Believe it or not, 2020 is soon coming to a close. In a year that has been particularly stressful and taxing for so many, here we are in the midst of a global pandemic holiday season. Whether you find yourself highly anticipating or completely dreading this time of year, it is vital that we do not neglect our mental health. As the CDC defines, mental health is ‘our emotional, psychological, and social well-being.’ Here are five simple guidelines to help maintain your mental health during this holiday season:
1. IT’S OK TO SAY NO
Annual holiday expectations tend to promote overcommitment. It’s okay to make a different choice for yourself. On top of your typical everyday demands, you may find yourself balancing end of year deadlines, holiday zoom parties, financial strain, defining boundaries around family distanced gatherings, etc. Remember that it is okay to say no to invites, change expectations, and prioritize rest to support your mental health.
2. NOURISH YOUR MIND AND BODY
It’s possible to celebrate while also taking care of yourself. The holidays can alter your routine, or make it busier than usual. Consider scheduling what works best for your personal wellness before booking up your calendar. Building flexibility in your schedule can also support healthy habits. Can’t make it to the gym? Put on your coat and take a walk. Take a moment to cozy up next to the fire and read a book. Play music. Do yoga. Work on a puzzle. Find things that boost all around goodness.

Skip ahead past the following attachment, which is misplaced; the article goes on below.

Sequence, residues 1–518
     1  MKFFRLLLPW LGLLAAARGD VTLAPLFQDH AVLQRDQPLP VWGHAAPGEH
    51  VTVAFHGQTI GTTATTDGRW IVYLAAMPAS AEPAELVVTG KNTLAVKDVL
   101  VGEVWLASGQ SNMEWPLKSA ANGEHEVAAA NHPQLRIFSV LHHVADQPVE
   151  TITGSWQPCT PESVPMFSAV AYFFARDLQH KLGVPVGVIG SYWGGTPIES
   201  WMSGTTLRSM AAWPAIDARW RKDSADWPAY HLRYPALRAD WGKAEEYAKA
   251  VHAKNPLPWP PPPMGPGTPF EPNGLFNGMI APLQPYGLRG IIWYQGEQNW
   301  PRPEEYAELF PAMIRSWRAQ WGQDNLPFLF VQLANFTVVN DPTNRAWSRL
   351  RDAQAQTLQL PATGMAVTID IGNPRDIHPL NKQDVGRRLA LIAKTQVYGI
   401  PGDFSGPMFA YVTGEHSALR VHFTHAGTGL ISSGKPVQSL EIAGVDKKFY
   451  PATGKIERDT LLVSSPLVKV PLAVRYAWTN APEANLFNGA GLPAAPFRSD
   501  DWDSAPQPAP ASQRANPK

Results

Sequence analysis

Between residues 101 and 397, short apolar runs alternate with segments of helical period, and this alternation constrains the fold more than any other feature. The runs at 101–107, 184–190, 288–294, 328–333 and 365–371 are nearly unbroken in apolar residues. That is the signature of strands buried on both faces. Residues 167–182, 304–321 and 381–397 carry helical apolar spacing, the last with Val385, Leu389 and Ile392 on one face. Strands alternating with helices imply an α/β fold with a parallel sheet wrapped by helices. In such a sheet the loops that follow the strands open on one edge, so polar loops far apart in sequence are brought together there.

3. AVOID THE CONSUMERISM TRAP
There are so many ways to show thoughtfulness that don’t necessarily involve lavish gifts. It can be easy to get lost in the seasonal shopping pressure and buy, buy, buy! Sometimes we may still choose to purchase meaningful gifts for those we love. We can also remember that a simple act of kindness, donation, homemade gift, baked goods, or even quality time together can be meaningful as well.
4. TAKE ADVANTAGE OF TECHNOLOGY
The holidays look different this year and many of us are missing in-person gatherings with loved ones. When possible, we can take advantage of technology and schedule a virtual hangout instead. Even time through a screen can be quality time.
5. PRACTICE GRATITUDE
As this unprecedented year comes to a close, reflecting on the things that one is grateful for can help improve mental health. Havard Medical School reports that ‘…gratitude is strongly and consistently associated with greater happiness. Gratitude helps people feel more positive emotions, relish good experiences, improve their health, deal with adversity, and build strong relationships.’ There are so many simple ways to practice gratitude: start a gratitude journal, write a thank you card, or practice mindfulness. In a year that has stirred up a lot of challenging emotions, it is important to recognize and savor the simple things.
If you or someone you love is in need of mental health treatment, The Mental Health Collective, located in Orange County, California, is here to help.
Written by: A. Shroeder